Religion was central to premodern states. So why isn't it central to the story of how modernity arose?
Religious toleration is one of the building blocks of the modern world. How did it arise?
James A. Robinson looks at how early modern states took advantage of religion to support their own authority.
Hans Eicholz argues that religious toleration emerged from a healthy competition among states and intrastate institutions.
Dalibor Rohac says that federalism is the strategy by which strong government can be turned to the defense of individual liberty.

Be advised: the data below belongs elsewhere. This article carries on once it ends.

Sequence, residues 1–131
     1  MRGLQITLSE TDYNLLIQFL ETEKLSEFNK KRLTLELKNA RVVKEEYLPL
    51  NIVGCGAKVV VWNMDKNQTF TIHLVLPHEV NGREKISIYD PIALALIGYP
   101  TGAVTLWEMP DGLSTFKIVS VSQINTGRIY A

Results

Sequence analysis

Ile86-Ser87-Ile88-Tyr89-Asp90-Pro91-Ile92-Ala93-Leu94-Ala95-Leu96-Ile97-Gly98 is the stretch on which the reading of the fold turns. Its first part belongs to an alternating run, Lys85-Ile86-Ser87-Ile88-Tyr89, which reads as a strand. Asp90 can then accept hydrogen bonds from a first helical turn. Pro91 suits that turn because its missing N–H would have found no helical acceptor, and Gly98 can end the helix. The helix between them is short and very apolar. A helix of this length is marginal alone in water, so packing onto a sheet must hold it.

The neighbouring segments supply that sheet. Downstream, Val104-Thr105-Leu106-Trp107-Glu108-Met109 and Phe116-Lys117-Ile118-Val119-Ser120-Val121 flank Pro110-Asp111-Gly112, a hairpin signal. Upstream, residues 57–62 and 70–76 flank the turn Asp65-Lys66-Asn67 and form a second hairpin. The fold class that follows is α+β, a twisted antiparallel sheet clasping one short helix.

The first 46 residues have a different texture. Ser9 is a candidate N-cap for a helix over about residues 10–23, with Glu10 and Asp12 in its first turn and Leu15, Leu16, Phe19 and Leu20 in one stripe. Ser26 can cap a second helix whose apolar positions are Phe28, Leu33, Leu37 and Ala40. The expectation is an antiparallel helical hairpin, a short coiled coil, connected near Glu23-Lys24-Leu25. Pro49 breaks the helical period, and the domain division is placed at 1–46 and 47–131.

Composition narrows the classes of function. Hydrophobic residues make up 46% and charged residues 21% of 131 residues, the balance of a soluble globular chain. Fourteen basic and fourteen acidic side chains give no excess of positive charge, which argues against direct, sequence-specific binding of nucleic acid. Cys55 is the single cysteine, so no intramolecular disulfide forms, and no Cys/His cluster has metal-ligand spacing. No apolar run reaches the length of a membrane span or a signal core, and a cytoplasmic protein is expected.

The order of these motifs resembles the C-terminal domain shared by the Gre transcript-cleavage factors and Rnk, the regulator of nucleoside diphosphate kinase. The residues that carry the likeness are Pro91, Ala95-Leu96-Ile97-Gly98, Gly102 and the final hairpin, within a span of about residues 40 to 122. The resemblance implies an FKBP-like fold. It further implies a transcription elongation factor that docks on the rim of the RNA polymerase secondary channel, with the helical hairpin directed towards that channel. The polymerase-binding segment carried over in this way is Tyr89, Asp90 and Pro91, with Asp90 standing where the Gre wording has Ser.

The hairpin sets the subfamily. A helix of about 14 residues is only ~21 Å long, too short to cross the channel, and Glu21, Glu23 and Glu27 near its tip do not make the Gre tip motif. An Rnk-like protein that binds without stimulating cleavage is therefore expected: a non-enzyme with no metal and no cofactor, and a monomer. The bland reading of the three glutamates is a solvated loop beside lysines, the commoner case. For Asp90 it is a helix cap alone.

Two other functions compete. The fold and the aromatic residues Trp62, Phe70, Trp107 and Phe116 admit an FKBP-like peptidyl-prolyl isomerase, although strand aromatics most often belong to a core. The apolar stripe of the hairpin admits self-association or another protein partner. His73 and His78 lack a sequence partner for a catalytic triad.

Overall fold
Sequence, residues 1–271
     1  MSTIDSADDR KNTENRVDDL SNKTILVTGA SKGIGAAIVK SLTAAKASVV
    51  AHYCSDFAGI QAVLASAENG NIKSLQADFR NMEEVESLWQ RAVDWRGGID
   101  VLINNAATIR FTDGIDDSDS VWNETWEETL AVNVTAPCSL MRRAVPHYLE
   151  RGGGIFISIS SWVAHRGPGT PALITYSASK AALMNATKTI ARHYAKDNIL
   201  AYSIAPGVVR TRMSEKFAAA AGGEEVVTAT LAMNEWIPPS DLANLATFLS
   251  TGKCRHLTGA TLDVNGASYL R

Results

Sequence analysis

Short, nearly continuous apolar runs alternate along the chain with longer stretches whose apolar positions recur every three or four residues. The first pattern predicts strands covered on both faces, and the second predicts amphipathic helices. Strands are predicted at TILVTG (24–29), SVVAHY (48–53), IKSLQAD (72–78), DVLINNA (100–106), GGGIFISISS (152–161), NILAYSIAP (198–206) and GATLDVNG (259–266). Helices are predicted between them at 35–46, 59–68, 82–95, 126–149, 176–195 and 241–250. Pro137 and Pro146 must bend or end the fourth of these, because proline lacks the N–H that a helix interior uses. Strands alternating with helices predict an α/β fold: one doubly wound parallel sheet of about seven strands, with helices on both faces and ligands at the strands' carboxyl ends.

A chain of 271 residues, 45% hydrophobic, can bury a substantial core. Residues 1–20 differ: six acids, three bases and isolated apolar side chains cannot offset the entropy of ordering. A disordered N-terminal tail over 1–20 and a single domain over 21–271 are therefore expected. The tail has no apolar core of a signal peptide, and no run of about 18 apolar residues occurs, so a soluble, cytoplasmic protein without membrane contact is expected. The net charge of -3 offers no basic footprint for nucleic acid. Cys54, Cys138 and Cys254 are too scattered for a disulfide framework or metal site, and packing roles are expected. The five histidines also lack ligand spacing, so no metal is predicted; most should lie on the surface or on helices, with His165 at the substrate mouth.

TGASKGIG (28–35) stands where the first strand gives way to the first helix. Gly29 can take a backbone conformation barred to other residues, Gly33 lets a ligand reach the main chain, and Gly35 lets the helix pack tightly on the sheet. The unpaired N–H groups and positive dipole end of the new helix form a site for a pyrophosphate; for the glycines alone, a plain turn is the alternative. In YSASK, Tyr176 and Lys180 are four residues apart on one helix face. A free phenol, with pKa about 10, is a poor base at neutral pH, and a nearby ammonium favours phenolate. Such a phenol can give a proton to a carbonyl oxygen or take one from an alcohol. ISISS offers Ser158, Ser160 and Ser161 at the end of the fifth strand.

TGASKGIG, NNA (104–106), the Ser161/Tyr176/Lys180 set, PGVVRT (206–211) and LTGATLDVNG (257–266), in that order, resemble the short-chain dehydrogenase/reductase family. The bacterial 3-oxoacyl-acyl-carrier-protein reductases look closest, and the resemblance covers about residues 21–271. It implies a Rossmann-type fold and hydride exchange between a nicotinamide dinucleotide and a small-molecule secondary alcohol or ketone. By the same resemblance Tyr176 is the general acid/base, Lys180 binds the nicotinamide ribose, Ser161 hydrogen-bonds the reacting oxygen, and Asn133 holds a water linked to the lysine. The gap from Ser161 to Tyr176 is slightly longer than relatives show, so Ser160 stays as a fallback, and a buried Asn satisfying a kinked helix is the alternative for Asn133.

Mark Koyama and Noel D. Johnson discuss the long road to a commonsense idea.
Mark Koyama and Noel D. Johnson say that competition was important to Europe's story of religious liberalism, but it wasn't enough.
Hans Eicholz says that "state capacity" may not do as much work as we think.
James A. Robinson looks to the history of West Africa for examples of religious freedom without liberalism.